It is a melancholy object to those who choose to frequent brewpubs and breweries when they are forced to see communal tables, patios, and even bar tops populated by tired, weary parents sipping pints with their children in tow.
Almost everyone who chooses to go out to a local brewery for a tasting flight or just a pint or two would agree that having to see living breathing proof that other humans in your community have chosen to procreate is an experience that is inversely proportional to actually enjoying that beer-drinking experience. Human children are, at best, a nuisance. They’re loud, they spill things, and they demand unreasonable things like glasses of water, or, depending on their age, crayons or activities that can take the attention of bartenders or servers who could be doing more productive things like bringing more beer to legal-aged paying customers.
That said, it seems unfair to punish those beer drinkers among us who have had the misfortune of breeding, whether by accident or by design, simply because we may not be able to find childcare during the period in which we require alcohol, which, I can attest with certainty is just as often as the childless require it, if not much more.
Having had a child, I have, for my own part, turned my attention to remedying this deplorable situation for nearly five years and, while I’ve read recent treatises on the subject, I find them all lacking any real solution.
I do therefore humbly propose that the children of we suffering and thirsty breeders, rather than being cast out of drinking establishments along with their wretched parents, be put to service bettering these places.
Over the course of some vigorous trials and testing, I have found that children as young as four might readily be put into service in order to enhance the tasting room experiences of not just the important, childless twenty-somethings who frequent these places, but also these children’s previously burdensome parents who bring nothing to an establishment aside from an expendable income and a desire to consume three to five pints as quickly as possible. Indeed, a boy or girl as young as five or six might be readily trained to carry a small tray of beverages across as much as several hundred feet of dining room floor relatively spill-free and, in a controlled environment, I have found that small children can even be relied upon to make trips up and down flights of stairs carrying full beers, can clean up broken glass under moderate supervision, and can perform basic cleaning tasks when provided with non-toxic solutions and a modicum of training and discipline.
I am of course aware that turning children loose to walk freely around a tap room while carrying trays of glassware might at first seem likely to exacerbate a childless drinking person’s consternation rather than ease it, but there is a fairly simply solution. A basic electric collar not unlike those designed to keep pets in their respective yards might easily be put to use to keep children out of dangerous areas like parking lots or working breweries and even train them to avoid areas of heavy foot traffic like the men’s room. Indeed, after one or two administrations of a mild shock via a relatively inexpensive pet collar, I am assured that most children readily learn the boundaries in which they are permitted to roam or do their menial tasks.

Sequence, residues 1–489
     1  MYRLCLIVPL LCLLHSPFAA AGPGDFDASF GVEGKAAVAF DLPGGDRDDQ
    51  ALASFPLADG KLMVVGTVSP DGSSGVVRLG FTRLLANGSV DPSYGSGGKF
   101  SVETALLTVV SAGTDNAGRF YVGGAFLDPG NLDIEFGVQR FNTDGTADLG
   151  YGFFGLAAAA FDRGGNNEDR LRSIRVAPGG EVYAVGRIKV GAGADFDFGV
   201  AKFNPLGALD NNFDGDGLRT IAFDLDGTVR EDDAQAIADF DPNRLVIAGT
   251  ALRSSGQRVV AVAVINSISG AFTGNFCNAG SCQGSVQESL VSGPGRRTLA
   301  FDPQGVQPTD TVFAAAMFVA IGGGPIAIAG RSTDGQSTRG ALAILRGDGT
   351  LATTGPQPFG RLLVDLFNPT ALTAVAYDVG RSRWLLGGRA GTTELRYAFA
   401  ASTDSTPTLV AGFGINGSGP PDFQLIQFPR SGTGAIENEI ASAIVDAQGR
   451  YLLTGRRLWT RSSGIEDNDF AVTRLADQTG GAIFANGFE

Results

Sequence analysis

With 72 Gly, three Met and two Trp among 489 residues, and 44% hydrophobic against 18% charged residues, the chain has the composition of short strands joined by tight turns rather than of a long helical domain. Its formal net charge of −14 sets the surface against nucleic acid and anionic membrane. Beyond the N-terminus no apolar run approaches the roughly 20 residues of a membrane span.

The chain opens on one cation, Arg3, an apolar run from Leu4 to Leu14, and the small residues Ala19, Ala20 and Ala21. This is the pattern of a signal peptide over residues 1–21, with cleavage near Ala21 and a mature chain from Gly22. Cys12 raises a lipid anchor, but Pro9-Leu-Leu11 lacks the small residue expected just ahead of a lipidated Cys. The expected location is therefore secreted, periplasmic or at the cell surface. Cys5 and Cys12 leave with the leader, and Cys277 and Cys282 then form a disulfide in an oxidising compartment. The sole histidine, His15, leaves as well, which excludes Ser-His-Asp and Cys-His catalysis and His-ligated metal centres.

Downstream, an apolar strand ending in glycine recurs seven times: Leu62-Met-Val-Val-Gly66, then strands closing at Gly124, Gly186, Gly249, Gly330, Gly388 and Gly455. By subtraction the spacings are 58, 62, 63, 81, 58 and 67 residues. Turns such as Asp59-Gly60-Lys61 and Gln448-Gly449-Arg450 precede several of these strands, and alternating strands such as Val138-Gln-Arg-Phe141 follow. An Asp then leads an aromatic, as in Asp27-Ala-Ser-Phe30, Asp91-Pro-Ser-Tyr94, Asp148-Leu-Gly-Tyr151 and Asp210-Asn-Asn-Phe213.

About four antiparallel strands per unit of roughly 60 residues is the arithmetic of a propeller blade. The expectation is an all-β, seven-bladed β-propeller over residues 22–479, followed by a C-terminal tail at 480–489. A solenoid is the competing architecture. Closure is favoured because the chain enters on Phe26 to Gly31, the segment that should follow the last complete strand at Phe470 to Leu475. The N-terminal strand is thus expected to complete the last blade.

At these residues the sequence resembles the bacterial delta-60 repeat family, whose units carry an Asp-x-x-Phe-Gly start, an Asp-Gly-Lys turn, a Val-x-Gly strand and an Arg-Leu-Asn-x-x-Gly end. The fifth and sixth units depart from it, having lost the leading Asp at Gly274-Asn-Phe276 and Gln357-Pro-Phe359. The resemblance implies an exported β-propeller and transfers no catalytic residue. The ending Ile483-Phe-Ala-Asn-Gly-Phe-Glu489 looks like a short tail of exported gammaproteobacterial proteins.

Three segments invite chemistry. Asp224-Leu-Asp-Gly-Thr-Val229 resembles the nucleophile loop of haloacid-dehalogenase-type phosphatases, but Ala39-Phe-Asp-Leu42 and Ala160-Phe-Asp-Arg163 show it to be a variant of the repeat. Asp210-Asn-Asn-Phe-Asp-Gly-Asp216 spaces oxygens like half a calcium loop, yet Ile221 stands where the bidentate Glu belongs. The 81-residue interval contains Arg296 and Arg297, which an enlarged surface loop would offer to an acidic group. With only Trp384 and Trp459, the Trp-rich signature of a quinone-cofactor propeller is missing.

In addition to freeing up seating space that these children previously occupied, a well-trained and properly disciplined team of worker children will presumably ease many burdens traditionally placed on a tap room’s staff, allowing them to focus on more taxing labours like changing kegs or coming up with witty things to write on the A-frame chalkboard on the sidewalk outside the bar.
Indeed, there is potentially no limit to the tasks to which a properly trained worker child might be put. Children upwards of 10 or 11, having been exposed to some basic math, might readily be put to use cashing out departing customers and the oldest worker children might readily be trained to extend the time they usually go to sleep so that they can even be trusted to close and lock up tap rooms at night, thus allowing staff to leave earlier in order to enjoy twilight slack-lining in their local park or to edit the latest episode of their podcast.
I think the advantages by the proposal which I have made are obvious and many, as well as of the highest importance. Instead of children being the despicable taproom burdens or eyesores that we currently know them to be, we might now prepare them for the increasingly bleak workforce they are facing by giving them real life skills and, in so doing, help tap rooms to more expediently provide their one essential service: efficiently delivering beer to millennials who so often find themselves exhausted and thirsty from blogging, vocally lamenting their inability to afford a home, or complaining about something as loathsome as other humans at a different phase of their lives trying to enjoy the same space as them.